“Older Floridians are going to be to measuring the success of this by when they pay less for prescription drugs,” said Jeff Johnson, state director for AARP Florida. “If that is delayed because the comment period drags out or the review period drags out, people here will notice that.”

The import plan excludes controlled substances, IV drugs, and pricey biologics such as insulin and Humira to treat rheumatoid arthritis. Azar said that as states prove cost-savings and drug safety under the plan, Congress could look at expanding it to more complex and expensive medications.

Canada and its provinces get drugs at lower cost as a result of price regulation and negotiations with drug companies. There’s no way to estimate how much Americans might save from the Trump plan because it will depend in part on the importation applications HHS receives, Azar said.

In addition to the main proposal, the administration on Wednesday put forward an importation route that could benefit drugmakers by letting them bypass payer contracts to sell drugs at lower prices. Drug companies have argued that the heavy discounts they provide insurance companies and others force them to keep list prices high.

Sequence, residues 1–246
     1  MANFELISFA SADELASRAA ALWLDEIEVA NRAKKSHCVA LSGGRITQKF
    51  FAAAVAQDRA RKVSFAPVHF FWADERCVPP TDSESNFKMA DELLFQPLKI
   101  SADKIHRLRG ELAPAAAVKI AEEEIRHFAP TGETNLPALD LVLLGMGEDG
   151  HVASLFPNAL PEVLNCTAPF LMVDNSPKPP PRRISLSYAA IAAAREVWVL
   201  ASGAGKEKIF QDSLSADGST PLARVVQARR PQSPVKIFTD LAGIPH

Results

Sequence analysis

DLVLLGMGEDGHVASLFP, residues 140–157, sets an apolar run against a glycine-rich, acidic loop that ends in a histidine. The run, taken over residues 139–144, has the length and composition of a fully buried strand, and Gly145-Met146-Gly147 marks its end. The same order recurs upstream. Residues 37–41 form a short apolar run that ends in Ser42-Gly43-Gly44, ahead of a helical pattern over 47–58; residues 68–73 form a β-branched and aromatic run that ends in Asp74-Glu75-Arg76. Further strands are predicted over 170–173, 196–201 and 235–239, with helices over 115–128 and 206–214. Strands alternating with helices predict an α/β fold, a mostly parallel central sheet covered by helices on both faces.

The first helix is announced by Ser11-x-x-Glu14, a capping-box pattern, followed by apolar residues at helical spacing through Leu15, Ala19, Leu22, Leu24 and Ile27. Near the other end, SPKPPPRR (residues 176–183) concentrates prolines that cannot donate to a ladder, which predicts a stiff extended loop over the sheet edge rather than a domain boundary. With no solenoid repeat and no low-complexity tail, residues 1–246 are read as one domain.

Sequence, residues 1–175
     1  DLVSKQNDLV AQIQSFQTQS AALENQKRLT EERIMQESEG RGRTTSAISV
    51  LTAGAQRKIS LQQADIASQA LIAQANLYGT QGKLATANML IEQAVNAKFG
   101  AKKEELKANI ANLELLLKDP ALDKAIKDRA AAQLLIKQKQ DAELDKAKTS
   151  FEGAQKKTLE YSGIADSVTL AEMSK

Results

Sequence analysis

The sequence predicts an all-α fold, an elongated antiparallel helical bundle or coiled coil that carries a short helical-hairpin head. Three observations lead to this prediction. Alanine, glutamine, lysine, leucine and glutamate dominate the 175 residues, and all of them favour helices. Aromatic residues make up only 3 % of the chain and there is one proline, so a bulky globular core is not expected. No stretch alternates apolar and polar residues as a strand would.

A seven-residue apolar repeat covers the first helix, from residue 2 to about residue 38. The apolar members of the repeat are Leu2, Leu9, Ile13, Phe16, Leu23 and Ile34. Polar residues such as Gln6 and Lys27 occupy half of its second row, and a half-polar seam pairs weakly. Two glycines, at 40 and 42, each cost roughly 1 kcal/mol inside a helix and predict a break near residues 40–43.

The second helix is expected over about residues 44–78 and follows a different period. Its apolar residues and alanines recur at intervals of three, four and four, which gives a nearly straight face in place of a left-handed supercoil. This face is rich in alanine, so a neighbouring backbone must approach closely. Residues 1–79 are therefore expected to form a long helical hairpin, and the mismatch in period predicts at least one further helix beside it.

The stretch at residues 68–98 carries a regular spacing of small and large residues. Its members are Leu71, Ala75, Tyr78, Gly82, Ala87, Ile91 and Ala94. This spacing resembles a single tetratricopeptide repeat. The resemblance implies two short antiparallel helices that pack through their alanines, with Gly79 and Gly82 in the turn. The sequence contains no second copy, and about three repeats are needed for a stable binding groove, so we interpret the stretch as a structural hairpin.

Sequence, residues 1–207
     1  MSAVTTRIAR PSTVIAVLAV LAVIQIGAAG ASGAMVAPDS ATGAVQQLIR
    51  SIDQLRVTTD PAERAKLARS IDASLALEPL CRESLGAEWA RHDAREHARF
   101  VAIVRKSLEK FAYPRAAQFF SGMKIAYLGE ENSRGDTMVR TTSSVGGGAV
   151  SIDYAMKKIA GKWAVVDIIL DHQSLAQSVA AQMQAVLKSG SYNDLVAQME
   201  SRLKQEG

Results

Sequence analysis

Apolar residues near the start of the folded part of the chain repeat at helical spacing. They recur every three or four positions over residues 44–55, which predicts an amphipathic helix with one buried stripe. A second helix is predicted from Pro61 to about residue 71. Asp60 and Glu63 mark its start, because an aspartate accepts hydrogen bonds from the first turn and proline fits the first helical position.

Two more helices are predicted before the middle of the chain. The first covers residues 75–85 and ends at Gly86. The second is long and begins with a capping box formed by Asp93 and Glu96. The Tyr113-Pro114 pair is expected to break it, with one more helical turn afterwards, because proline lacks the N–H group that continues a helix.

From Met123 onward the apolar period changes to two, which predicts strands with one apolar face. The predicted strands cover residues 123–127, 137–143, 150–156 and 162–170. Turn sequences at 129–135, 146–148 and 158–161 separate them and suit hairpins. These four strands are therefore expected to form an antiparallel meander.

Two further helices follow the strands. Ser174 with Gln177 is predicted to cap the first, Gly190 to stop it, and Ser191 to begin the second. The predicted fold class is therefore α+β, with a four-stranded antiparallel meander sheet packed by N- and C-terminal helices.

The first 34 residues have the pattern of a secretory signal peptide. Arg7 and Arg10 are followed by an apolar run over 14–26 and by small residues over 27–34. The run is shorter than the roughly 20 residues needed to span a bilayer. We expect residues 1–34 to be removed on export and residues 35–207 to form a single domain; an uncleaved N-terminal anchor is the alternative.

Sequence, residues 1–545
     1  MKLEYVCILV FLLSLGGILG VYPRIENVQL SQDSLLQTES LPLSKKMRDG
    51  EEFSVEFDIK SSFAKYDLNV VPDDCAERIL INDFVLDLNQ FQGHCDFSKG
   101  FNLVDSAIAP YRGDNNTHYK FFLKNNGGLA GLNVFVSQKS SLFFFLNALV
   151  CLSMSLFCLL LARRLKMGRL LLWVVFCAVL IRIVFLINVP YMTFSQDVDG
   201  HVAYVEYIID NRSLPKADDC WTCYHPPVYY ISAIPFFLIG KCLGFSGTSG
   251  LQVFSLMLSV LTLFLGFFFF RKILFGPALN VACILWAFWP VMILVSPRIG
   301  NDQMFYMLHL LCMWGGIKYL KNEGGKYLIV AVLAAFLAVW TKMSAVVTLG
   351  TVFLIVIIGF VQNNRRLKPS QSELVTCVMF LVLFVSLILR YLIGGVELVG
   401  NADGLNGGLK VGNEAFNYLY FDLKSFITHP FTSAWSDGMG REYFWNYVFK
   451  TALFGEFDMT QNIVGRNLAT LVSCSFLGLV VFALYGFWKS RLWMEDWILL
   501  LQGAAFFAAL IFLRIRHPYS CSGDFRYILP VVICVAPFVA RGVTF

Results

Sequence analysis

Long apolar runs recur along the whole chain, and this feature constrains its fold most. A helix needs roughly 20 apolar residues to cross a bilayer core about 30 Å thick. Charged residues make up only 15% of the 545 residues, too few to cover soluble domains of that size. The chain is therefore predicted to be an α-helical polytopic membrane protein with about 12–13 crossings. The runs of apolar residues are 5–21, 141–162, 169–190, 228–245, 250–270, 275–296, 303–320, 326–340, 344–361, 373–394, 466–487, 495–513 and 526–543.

Jim Greenwood, president and CEO of the drug industry group Biotechnology Innovation Organization, condemned the Trump administration proposal an “empty gesture” and “dangerous importation scheme” that would endanger patient safety without saving consumers money.

Consumer savings from of the Trump proposal likely will be modest compared to the financial impact of tough drug price controls passed by House Democrats and contained in a bipartisan bill stranded in the Senate. The issue doesn’t break cleanly along party lines, but it is typically more popular with Democrats than Republicans, and drug companies have relied on Republican support to avoid the more stringent measures.

The drug industry has opposed — with success, to date — drug pricing reforms, including an index linking payments for physician-administered drugs to lower international prices and a requirement to list prices in advertisements, forcing the administration to retreat on some of its more ambitious proposals. Other measures have been struck down by the courts or are still being drafted.